But it all comes down to the actor playing Aldridge. Johnstone is at his best in a rehearsal of the handkerchief scene with Cross’s Desdemona. His rising jealous fury builds to a terrifying climax and at this point I would have willingly traded “Red Velvet” for a presentation of “Othello” with the same cast. Unfortunately, as good as his Aldridge is, Johnstone’s portrait doesn’t always have the larger than life fascination the play requires to keep the audience engaged.

Aldridge might be an outsized dramatic figure but he didn’t lead a particularly dramatic life. Yes, he faced unfair ridicule from vengeful critics because of his color but he did rise to considerable eminence from European audiences (after his death in Poland he received a state funeral). And he was happily married, at least to his second wife and had four children. This is not to diminish the racial intolerance he endured, but at least as portrayed in “Red Velvet” his personal and professional life were relatively incident free.

But credit the play with providing interesting insights into the creative process. Aldridge and Ellen Tree exchange fascinating ideas on how to strengthen and shape individual moments in a scene from “Othello.” And the contrasts between Aldridge’s push for a more realistic acting style clash vividly with the grand gestures of the prevalent heroic style that looks so old fashioned today.

                          Photo Credit: Liz Lauren

The production is staged in the CST Courtyard Theater, which is reformatted into a theater in the round for no obvious reason. The playing area is confining rather than intimate, perhaps further restricting the play’s overall emotional intensity. The set by Scott Davis does reference the play’s title with a plush red velvet curtain ascending and descending to engulf the entire stage. The set changes are often facilitated by stagehands emerging and descending from below stage level through trap doors. It sounds artificial and distracting but the stagehand appearances are woven deftly into the play’s mood.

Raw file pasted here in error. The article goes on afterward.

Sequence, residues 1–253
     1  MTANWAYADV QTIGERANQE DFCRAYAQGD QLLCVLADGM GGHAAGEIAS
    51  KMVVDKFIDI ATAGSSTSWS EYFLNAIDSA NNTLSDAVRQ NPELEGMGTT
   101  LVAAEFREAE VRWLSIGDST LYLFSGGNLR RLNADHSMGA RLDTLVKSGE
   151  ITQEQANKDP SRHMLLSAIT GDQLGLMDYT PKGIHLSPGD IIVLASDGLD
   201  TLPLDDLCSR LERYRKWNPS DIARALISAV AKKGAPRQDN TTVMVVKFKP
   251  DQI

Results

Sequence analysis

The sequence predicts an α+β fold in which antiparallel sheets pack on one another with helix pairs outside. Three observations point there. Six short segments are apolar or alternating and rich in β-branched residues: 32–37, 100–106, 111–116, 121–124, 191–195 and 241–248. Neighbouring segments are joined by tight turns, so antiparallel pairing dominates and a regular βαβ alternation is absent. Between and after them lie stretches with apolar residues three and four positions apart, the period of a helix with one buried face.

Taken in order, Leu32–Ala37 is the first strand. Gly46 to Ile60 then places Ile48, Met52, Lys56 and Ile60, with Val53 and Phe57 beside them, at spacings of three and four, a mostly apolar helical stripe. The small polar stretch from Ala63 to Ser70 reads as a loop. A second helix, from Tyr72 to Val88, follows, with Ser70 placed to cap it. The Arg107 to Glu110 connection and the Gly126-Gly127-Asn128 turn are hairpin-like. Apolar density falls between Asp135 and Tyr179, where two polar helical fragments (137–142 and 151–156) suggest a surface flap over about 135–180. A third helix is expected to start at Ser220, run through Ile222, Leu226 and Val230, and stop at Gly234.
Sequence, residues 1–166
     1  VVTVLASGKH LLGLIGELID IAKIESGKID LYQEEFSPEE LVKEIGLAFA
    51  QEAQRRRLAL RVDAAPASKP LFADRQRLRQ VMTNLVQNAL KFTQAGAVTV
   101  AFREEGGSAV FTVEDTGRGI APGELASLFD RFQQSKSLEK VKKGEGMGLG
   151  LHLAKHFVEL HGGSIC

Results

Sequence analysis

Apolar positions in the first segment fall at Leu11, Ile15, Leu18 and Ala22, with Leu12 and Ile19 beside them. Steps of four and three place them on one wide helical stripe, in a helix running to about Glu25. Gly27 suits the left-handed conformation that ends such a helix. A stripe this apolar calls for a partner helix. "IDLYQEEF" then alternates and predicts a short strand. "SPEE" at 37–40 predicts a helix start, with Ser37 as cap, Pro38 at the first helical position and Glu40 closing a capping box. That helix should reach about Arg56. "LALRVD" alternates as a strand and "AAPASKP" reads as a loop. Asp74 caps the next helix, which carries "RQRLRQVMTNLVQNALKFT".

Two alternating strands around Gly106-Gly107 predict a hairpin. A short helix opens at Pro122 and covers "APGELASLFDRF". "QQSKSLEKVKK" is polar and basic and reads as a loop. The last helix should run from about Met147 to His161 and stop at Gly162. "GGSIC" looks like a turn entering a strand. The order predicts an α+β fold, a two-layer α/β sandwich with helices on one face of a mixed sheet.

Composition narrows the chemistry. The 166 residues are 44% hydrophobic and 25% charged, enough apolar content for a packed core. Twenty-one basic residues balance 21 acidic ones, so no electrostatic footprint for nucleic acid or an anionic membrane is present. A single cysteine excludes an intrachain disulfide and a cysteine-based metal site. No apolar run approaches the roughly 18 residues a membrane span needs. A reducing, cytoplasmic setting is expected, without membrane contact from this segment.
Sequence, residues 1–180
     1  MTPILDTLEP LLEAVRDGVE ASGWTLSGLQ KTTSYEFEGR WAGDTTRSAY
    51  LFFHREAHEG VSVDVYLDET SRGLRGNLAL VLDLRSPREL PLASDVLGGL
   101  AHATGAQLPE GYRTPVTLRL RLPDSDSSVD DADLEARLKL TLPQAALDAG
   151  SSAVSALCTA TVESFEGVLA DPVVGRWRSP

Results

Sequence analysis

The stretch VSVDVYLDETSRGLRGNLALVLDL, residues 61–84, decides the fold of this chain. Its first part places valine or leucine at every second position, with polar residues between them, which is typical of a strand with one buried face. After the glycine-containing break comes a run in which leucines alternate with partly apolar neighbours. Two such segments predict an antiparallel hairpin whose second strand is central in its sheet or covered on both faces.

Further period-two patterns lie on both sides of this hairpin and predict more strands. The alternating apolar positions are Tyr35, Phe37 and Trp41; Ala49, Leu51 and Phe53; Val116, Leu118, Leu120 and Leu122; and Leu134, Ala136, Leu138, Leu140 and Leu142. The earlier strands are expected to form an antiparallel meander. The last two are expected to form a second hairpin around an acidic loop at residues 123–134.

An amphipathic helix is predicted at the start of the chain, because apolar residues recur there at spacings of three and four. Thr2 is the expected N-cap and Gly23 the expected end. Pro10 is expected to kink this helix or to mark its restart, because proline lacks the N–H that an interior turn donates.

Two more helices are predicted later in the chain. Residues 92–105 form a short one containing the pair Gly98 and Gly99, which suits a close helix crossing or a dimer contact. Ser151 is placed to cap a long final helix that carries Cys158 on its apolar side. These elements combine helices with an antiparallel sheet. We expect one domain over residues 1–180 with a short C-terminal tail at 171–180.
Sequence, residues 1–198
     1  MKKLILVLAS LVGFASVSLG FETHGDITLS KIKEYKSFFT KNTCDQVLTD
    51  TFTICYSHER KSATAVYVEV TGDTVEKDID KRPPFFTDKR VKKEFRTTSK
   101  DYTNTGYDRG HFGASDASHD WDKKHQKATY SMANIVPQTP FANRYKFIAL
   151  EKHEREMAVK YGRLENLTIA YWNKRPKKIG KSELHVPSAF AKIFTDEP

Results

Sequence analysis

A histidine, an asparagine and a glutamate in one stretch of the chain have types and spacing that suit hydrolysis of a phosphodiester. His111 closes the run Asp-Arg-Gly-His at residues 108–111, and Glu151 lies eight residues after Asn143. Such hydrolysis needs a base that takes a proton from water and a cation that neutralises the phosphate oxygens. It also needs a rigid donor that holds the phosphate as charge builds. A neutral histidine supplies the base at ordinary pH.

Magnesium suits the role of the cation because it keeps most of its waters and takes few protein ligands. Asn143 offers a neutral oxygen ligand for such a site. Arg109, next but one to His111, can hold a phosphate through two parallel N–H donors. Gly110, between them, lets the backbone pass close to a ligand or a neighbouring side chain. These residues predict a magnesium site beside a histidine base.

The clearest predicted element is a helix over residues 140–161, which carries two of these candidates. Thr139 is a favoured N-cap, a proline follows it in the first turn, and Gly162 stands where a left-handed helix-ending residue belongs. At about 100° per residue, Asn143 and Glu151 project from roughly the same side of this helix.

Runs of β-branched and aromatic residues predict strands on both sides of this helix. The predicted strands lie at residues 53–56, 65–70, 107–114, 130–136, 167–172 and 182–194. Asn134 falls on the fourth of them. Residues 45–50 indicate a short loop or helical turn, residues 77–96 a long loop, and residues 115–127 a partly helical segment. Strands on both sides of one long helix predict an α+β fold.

The physical production also benefits from Mara Blumenfeld’s period costumes, Christine Binder’s atmospheric lighting, and Christopher Kriz’s sound design. Jenny Giering is responsible for the appropriately grandiose music.

Our local scene has been favored with a mini-festival of plays exploring Shakespeare-flavored theater history, featuring such excellent shows as “Shakespeare in Love” and “The Book of Will.” “Red Velvet” is in that tradition but not at their level of achievement. The production might have benefited from a smaller venue like the CST’s Yard theater space. But the plot still would still lack ongoing excitement, remaining more a performance than a complete dramatic experience. The remainder of the CST season consists of “Mary Stuart,” “Macbeth,” and “Waiting for Godot,” all interesting-sounding productions, so all should yet be well in 2018.

“Red Velvet” runs through January 21 at the CST Courtyard Theater on Navy Pier. Tickets are $48 to $88. For performance times call 312 595 5600 or visit


The show gets a rating of

December 2017